# Solution to "Geometric Subsets (Big Number Challenge)"

There are $1973093124882606298882104993483387674675038805$ 17-element subsets of $\{1, 2, 3, \dots, 33^{33}\}$ that form a geometric sequence. My solution follows.

Since we're dealing with such huge numbers, it may be better to think about things in a more generalized manner. That is, let's see how to find the number of $k$-element subsets of the set $A=\{1, 2, 3, \dots, n\}$ that form a geometric sequence. Any such subset will have the form $\{ar^0, ar^1, ar^2, \dots, ar^{k-1}\},$ where $a$ and $r$ are natural numbers and $r\ge 2$. Notice that we will have a different geometric sequence for different values of $a$. So for any given $r$ we will have a $k$-element subset for each natural number $a$ given that the largest term $ar^{k-1}$ does not exceed $n$. Then for any $r$, $ar^{k-1}\le n$. That is,

This also means that for any given $r$ we have $a_{\text{max}}$ $k$-element subsets of $A$ that form a geometric sequence with that particular ratio $r$. Now we just sum those up over all possible $r$. But notice that when $r^{k-1}$ exceeds $n$ (that is, we no longer are dealing with subsets of $A$), then the value of $a_{\text{max}}$ will equal zero. Thus we can simply sum each $a_{\text{max}}$ for $r=2$ to infinity.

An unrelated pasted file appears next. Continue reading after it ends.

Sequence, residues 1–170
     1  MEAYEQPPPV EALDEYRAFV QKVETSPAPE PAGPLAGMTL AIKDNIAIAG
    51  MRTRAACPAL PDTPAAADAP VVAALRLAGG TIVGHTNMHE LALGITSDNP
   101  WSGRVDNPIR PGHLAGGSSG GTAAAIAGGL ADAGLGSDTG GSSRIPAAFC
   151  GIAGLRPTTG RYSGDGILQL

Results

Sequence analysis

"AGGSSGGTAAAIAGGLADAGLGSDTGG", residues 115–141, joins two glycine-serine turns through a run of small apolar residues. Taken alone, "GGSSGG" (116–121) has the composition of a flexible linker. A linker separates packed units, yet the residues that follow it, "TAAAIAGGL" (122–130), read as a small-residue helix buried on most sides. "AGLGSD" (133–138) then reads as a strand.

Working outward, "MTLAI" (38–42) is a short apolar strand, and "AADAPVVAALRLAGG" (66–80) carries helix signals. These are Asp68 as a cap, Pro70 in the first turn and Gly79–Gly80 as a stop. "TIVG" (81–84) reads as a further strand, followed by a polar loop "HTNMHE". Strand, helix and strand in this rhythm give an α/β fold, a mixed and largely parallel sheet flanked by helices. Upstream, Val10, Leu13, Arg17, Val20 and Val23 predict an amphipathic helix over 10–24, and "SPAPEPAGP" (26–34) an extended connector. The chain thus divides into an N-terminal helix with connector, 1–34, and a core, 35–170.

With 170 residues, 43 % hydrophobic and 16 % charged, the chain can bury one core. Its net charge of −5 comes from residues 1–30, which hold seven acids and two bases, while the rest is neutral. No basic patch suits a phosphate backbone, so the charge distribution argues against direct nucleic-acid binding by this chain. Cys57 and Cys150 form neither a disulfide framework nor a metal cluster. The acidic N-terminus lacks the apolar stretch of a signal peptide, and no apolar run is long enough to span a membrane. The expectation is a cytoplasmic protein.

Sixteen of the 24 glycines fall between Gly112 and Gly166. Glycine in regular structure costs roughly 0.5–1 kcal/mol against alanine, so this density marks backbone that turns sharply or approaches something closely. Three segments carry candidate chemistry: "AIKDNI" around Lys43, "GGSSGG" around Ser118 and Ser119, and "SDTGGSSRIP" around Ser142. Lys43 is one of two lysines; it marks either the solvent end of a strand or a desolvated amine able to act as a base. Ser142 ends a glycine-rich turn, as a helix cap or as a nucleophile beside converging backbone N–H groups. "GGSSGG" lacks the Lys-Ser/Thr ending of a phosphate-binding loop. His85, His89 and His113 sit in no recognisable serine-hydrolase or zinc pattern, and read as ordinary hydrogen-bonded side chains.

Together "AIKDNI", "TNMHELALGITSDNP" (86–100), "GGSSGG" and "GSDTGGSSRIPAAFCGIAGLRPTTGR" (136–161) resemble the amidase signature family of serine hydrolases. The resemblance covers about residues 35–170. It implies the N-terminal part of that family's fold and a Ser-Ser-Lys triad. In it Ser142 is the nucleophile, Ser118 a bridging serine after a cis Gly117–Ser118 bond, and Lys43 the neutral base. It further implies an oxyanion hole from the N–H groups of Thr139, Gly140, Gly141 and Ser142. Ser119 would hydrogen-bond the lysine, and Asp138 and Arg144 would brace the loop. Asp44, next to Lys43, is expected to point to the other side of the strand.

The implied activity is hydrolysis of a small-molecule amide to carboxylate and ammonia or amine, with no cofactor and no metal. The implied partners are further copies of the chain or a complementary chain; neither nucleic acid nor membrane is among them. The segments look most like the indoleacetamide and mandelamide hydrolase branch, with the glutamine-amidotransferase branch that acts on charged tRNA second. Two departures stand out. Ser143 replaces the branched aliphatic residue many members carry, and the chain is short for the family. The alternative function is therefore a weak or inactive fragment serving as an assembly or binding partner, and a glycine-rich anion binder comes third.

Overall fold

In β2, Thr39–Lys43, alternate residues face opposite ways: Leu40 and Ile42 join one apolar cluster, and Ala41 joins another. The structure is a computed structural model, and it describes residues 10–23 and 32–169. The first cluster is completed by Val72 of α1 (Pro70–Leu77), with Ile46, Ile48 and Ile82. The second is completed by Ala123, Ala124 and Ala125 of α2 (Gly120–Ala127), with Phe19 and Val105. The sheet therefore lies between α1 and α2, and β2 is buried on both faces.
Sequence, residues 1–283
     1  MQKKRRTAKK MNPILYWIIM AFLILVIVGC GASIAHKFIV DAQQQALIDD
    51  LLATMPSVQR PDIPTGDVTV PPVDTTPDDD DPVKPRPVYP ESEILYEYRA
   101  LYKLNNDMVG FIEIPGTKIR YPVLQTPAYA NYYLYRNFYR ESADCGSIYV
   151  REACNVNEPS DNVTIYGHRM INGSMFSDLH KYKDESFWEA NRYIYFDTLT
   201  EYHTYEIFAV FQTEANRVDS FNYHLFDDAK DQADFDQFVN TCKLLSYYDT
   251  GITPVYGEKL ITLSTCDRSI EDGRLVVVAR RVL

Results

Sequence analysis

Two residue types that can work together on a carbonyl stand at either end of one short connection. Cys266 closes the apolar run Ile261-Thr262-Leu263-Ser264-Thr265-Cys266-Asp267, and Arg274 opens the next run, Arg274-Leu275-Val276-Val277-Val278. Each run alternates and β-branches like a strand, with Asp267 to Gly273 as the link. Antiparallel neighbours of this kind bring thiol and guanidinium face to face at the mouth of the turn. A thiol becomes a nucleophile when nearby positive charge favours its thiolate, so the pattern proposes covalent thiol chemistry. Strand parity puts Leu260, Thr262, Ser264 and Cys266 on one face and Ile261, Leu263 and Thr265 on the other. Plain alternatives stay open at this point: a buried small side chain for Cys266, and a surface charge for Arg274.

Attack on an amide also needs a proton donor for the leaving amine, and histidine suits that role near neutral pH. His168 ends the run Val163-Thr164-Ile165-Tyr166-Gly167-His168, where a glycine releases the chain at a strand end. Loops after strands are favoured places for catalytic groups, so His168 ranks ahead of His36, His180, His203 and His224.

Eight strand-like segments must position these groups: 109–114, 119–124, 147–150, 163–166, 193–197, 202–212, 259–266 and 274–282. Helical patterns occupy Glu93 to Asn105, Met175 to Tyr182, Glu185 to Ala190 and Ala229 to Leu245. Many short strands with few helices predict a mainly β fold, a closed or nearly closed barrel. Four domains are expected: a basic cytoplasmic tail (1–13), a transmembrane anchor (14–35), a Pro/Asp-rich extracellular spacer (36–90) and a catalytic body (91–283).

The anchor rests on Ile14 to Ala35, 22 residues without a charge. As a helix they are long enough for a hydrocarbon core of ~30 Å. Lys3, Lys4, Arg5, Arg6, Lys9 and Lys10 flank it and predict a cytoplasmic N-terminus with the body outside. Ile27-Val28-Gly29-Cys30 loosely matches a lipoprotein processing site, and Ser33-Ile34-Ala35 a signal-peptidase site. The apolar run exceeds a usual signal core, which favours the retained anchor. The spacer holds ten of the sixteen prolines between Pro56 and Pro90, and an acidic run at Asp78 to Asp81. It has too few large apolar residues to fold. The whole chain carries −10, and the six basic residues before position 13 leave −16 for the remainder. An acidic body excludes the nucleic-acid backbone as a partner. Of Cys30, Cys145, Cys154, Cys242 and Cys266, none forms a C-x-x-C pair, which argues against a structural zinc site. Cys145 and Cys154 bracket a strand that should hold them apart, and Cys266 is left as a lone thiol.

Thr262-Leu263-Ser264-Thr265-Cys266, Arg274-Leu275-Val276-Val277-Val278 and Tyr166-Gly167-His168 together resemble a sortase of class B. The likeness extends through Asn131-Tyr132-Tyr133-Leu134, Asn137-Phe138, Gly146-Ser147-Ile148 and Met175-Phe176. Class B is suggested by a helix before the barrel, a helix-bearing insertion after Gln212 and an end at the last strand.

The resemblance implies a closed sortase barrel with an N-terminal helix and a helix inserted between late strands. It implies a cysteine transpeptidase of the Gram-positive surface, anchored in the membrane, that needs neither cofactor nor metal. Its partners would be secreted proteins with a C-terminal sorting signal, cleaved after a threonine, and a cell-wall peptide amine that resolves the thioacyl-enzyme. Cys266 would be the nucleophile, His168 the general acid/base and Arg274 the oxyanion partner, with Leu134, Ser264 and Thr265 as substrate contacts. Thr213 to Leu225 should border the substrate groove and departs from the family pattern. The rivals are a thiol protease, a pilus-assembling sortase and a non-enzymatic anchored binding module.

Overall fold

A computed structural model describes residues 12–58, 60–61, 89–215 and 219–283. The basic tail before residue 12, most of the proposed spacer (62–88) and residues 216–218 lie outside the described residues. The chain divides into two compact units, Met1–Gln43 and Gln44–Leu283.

In other words, let $f(n,k)$ be a function which describes the number of $k$-element subsets of the set $\{1, 2, 3, \dots, n\}$ that form a geometric sequence. Then

The problem with this is that the question asks for a final answer. Obviously we can't tell a computer to sum to infinity. So there are two ways to do it. We can either find a max value for $r$ or we can check each time to see if $\left\lfloor\frac{n}{r^{k-1}}\right\rfloor=0$. When it does we can stop summing.

To find a max for $r$, we want to know when $r^{k-1}$ exceeds $n$. Then we have

That is,

Then,

Now we can use a program which can handle huge numbers to quickly find the solution. I used the wonderful, free PARI/GP. (Follow link to download or if using Linux check your distro's package manager for it.) Other programs/languages which handle huge numbers are Maple and Mathematica. Here is the code I used to obtain the solution in PARI/GP:

? f(n,k)=sum(r=2,floor(n^(1/(k-1))),floor(n/r^(k-1)));
? f(33^33,17)
%2 = 1973093124882606298882104993483387674675038805